London — Germany commanded one-fourth of the $11.9 billion Western European market for chocolate during 2012, accounting for approximately $2.9 billion in sales, according to research from the Mintel Group, Ltd. Sales are expected to grow four percent by the end of 2013.
Further, at eight kilograms per person, German consumption of chocolate outpaced per capita consumption in the UK (6.5 kg), French (5.7 kg), and the Italians and Spanish (1.7 kg each).
Germans bought chocolate on impulse 45 percent of the time, second only to the British (54 percent), compared with 33 percent of French, 30 percent of Italian and 20 percent of Spanish consumers.
Buying chocolate as a treat was common among 84 percent of French and 76 percent of German consumers. Just 41 percent of British, 58 percent of Italian and 66 percent of Spanish respondents bought chocolate for that purpose.
Appeasing cravings for chocolate spurred purchases among seven in ten Britons (71 percent) and 66 percent of Italians. Sixty percent each of Germans and Spaniards also used chocolate to satisfy a sweet tooth, but just 36 percent of French consumers did so.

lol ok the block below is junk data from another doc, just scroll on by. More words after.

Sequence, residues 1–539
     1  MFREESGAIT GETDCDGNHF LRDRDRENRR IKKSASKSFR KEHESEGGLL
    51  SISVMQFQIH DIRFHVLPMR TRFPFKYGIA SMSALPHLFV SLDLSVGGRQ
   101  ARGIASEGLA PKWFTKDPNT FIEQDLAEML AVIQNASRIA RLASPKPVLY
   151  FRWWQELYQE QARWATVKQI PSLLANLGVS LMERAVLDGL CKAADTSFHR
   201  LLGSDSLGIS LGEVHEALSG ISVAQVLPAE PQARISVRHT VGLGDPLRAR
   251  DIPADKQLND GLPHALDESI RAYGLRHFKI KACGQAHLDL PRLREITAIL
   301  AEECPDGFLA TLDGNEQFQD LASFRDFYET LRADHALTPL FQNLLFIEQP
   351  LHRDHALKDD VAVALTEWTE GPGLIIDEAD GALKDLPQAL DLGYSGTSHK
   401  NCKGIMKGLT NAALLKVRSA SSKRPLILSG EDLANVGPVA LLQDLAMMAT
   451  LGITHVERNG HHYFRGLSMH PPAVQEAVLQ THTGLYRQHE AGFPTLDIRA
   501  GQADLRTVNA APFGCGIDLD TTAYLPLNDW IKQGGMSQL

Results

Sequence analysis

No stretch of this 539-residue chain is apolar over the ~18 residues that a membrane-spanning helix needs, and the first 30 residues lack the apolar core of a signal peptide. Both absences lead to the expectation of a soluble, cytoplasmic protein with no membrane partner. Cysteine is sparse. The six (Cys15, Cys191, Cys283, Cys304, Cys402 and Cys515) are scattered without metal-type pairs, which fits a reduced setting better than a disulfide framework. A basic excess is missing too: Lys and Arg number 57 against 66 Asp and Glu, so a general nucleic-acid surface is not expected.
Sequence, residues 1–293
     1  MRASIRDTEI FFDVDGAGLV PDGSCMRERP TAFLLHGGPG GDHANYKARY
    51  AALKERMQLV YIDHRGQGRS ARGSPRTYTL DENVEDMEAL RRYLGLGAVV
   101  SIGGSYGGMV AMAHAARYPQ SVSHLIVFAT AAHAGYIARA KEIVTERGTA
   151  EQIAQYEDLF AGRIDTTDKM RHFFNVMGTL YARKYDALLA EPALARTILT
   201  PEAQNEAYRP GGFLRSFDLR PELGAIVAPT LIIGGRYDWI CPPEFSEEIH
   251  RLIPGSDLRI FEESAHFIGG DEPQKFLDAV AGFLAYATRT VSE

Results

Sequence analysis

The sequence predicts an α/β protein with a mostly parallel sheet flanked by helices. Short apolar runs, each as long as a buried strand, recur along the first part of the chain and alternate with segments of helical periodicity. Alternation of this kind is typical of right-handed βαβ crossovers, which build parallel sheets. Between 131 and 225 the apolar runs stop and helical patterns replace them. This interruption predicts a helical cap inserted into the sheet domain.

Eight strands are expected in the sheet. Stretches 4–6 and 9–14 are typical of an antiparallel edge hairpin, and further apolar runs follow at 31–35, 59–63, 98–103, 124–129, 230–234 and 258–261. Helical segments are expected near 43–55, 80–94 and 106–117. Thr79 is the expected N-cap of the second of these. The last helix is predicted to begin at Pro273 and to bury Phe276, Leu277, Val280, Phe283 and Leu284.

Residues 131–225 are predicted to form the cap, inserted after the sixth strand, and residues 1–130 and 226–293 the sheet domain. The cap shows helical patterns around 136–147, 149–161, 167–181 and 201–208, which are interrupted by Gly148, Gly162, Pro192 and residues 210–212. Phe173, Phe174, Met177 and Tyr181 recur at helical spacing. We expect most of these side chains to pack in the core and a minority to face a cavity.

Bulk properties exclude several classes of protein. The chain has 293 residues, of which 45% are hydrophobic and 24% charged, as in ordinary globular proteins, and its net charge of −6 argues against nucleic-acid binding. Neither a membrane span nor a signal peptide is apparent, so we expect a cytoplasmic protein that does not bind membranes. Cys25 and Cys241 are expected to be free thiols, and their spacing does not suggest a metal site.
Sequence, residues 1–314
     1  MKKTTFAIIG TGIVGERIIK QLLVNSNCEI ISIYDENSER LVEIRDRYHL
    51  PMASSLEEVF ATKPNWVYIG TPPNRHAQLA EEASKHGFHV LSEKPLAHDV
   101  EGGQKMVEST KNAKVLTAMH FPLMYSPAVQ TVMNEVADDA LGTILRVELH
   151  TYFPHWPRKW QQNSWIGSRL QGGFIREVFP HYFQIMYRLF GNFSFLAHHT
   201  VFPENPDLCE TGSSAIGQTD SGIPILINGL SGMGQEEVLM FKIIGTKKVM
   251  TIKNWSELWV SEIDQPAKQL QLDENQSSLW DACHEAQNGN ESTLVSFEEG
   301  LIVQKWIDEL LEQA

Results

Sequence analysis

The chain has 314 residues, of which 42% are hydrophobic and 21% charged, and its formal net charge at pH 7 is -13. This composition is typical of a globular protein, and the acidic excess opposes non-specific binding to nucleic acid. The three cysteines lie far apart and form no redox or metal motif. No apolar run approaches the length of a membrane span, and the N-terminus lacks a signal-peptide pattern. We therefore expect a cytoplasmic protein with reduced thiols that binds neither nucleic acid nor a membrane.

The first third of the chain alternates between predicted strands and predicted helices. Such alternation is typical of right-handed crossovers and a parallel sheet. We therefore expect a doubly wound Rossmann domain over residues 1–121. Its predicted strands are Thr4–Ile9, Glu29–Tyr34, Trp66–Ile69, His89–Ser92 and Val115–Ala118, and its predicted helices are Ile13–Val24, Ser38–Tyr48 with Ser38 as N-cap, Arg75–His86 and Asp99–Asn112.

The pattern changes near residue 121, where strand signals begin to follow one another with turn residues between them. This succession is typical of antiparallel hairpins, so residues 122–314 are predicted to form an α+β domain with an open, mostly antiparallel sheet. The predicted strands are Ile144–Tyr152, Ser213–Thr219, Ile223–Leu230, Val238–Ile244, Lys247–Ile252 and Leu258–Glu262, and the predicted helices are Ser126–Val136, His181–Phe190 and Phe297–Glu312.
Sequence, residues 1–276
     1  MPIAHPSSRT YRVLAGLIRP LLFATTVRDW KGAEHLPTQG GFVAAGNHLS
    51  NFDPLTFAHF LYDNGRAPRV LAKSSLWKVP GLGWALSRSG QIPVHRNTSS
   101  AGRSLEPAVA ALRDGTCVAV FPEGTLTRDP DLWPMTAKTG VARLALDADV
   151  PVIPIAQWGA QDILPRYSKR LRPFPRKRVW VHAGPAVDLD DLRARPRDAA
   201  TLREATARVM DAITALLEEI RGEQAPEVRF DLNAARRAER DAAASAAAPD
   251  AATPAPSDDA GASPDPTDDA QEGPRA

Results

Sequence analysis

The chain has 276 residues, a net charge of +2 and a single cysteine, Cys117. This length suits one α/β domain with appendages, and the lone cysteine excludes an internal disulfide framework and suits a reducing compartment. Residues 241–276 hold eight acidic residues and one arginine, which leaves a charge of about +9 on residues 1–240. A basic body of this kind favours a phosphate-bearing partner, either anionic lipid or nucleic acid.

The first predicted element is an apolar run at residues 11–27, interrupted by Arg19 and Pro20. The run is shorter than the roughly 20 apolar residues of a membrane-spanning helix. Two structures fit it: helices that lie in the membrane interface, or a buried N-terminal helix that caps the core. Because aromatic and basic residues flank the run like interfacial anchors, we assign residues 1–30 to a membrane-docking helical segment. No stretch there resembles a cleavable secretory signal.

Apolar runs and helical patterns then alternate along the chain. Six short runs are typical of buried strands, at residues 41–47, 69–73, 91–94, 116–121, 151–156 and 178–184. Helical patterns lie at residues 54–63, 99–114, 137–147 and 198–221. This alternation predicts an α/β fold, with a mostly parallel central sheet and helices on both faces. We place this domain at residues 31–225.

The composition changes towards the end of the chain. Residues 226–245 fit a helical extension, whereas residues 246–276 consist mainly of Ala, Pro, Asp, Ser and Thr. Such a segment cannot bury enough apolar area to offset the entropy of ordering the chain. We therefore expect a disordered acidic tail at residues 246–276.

Although slightly more than half (56 percent) of British consumers bought chocolate to share with others, 42 percent of Italians, 30 percent each among French and Spanish consumers, and just 29 percent of Germans shared that motivation.
Marcia Mogelonsky, Mintel director of innovation and insight, suggests retailers can capitalize on Western Europeans’ tendency to buy chocolate for solo consumption: “Increasing visibility at checkout areas in supermarkets and other outlets as well as positioning personal-sized chocolate bars or tablets throughout retail environments could grow sales among impulse buyers.”